Who would have thought a coming-of-age story could be so original?
“Moonlight” follows Chiron, a gay African American in Miami, through three stages of his life (youth, teen and adult) and the struggles he faces to figure out who he truly is. Trevante Rhodes, Ashton Sanders and Alex Hibbert star as the three incarnations of Chiron as Naomie Harris and Mahershala Ali also star and Barry Jenkins writes and directs.
I didn’t know much about this film going in; I saw the trailer one time (before the immensely underrated “Southside with You”) and heard spent the last two months having every critic who saw it at every festival praise it. Upon seeing it for myself I can say that while I was never blown away or truly moved, this is a beautifully shot and acted film that I’m sure will do well for itself come awards season.
This film focuses on Chiron, who we meet as a bullied youth. Alex Hibbert portrays him at this stage and while he doesn’t say much, he is commendable for his chemistry with Mahershala Ali, a man who becomes his father figure. Ali isn’t in the film too much, but makes the most of the scenes he does share with Hibbert. Both Rhodes and Sanders do a good job portraying an older Chiron who is quiet in nature and struggling to accept himself for who he is and where he belongs.
Naomie Harris, who shot her scenes over just four days while promoting “Spectre,” will likely land herself an Oscar nod for her role as Chiron’s drug-addicted mother. She isn’t quite heart breaking, but you can sense the love she has for her child despite yelling at him and demanding money from him; to me it was the film’s most layered character.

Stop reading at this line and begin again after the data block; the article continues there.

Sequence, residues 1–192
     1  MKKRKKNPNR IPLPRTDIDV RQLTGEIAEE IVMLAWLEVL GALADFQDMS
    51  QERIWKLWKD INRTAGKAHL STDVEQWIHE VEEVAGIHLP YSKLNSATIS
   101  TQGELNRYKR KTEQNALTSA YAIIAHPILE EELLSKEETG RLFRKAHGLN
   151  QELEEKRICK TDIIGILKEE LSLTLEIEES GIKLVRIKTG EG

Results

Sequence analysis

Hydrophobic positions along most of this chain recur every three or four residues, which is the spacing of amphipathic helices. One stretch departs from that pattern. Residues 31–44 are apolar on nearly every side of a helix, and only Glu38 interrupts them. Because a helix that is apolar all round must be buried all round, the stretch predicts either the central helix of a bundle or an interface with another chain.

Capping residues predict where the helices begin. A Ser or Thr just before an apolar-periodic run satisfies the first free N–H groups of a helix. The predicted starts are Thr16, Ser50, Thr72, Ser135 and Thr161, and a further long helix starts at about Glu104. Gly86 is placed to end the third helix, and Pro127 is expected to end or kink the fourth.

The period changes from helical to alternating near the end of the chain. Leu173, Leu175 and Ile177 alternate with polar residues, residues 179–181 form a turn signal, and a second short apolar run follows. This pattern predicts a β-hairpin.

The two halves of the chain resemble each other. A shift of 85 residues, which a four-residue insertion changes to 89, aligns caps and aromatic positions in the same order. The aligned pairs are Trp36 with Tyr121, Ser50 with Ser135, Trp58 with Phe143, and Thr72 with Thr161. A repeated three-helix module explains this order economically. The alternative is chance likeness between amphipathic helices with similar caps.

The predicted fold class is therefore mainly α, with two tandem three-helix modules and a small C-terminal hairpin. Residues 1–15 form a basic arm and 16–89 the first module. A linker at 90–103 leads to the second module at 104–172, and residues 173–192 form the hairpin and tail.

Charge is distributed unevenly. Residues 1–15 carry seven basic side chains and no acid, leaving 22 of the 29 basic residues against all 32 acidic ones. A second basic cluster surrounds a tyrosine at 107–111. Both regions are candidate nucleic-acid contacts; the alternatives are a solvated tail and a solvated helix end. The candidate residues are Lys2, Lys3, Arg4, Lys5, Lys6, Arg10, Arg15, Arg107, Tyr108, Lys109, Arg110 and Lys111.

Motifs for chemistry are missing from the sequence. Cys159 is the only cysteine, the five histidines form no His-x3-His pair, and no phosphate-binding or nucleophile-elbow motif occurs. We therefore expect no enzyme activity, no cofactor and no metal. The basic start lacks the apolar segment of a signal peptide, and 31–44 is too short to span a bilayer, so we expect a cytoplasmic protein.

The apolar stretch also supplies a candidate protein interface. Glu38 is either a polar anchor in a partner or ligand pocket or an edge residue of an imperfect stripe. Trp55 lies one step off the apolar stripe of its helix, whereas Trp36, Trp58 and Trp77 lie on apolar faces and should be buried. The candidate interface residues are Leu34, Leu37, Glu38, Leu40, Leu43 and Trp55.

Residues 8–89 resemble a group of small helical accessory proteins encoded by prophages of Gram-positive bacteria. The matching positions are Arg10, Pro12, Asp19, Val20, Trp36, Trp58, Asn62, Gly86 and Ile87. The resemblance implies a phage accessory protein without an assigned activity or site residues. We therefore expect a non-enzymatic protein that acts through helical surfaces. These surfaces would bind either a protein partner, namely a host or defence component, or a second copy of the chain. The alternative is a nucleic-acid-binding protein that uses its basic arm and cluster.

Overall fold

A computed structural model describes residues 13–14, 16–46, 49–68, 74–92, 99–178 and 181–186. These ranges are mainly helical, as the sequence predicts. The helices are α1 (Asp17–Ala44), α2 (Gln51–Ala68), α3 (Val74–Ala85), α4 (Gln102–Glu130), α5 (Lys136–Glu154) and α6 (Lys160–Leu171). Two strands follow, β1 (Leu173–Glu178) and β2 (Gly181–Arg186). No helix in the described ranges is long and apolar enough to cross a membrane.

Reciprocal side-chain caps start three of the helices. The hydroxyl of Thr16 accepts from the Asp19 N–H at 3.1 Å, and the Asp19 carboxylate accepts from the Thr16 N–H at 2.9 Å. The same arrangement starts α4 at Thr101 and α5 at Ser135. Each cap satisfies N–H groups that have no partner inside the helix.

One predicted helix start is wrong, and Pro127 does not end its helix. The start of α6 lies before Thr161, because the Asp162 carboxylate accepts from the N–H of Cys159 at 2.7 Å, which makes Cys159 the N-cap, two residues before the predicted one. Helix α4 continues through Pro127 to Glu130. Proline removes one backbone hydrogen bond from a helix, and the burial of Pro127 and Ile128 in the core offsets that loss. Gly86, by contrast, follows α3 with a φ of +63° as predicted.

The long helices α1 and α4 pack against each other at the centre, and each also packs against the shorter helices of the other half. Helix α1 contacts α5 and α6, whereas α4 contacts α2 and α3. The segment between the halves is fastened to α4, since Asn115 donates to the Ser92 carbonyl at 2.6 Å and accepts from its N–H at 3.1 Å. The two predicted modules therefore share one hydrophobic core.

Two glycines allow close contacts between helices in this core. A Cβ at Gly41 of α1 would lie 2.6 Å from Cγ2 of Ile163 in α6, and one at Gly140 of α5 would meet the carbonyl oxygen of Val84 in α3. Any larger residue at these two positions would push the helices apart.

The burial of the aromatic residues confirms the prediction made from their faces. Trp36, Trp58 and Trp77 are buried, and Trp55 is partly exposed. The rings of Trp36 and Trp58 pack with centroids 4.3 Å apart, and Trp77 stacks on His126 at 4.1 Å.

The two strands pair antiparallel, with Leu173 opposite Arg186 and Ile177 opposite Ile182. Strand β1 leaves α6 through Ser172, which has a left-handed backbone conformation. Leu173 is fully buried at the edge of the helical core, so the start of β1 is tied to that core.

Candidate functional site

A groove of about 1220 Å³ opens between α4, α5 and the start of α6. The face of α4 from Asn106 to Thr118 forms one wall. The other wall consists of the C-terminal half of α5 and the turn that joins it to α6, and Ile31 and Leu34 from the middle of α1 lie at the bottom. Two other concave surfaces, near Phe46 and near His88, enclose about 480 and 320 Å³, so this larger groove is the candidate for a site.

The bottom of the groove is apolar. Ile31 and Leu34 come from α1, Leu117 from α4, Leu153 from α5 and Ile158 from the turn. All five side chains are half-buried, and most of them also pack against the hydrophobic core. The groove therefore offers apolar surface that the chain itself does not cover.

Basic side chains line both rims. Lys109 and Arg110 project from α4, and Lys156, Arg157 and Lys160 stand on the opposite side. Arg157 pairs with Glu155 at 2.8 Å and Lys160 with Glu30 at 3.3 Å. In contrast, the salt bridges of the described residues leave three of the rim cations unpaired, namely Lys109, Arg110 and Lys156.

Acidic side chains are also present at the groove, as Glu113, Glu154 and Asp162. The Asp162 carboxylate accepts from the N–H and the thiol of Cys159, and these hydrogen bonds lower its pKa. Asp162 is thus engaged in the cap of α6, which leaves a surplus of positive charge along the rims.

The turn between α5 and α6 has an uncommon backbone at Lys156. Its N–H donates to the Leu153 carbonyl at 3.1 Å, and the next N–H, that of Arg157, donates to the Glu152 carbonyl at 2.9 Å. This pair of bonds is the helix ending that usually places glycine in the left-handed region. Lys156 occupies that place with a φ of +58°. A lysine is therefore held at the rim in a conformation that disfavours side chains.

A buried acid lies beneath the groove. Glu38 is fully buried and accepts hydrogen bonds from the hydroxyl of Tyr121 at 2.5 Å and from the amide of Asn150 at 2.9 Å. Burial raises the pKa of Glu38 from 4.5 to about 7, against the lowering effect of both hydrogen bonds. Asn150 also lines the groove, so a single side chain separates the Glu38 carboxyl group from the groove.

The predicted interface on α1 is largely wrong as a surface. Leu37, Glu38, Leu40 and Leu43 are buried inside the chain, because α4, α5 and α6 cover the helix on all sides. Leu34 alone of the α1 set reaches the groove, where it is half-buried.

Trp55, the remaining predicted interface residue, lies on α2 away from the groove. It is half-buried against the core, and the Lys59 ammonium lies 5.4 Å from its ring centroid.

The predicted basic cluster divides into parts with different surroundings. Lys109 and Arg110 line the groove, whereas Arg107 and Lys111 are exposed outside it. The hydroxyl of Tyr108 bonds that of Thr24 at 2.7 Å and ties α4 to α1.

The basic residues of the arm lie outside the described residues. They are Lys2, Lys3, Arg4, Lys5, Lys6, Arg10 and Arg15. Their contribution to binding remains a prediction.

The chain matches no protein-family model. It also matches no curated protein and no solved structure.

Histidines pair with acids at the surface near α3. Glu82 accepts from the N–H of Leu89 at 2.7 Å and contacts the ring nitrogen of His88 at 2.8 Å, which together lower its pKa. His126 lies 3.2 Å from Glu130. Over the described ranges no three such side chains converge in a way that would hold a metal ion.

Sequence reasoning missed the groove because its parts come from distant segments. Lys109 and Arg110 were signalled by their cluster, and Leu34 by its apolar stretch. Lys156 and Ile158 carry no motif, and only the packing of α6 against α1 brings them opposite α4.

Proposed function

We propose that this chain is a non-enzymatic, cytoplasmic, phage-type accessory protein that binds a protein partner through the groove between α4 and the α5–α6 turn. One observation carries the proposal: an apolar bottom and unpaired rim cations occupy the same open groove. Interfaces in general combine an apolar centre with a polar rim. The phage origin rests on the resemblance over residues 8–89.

The film looks simply gorgeous, whether it’s the color palette or the different type of film used to shoot with. Skin textures and building lighting of the three acts, ranging from sun-lit to fluorescent to neon-soaked, each have their own distinct look and feel, and here’s hoping cinematographer James Laxton gets the praise he deserves. The score by Nicholas Britell is subtle but almost hypnotic, like a lesser version of “Taxi Driver.”
Now the biggest problem is the story itself, with some of the seemingly most important plot points happening off-screen and are only made known in brief passing comments. There is also a decent jump in time between teen Chiron and adult Chiron so we are left to fill in the gaps about how our central character has further evolved and what he has been up to.
“Moonlight” excels on its performances and technical masters, and while it may not be a masterpiece it is certainly a rare piece of cinema about a type of character we don’t see too often. In a fall that has had letdowns like “Billy Lynn” and overly self-serious films like “Arrival,” it is nice to see a film go back to the basics of cinema and rely on good old fashion acting to succeed.
Critics Rating: 7/10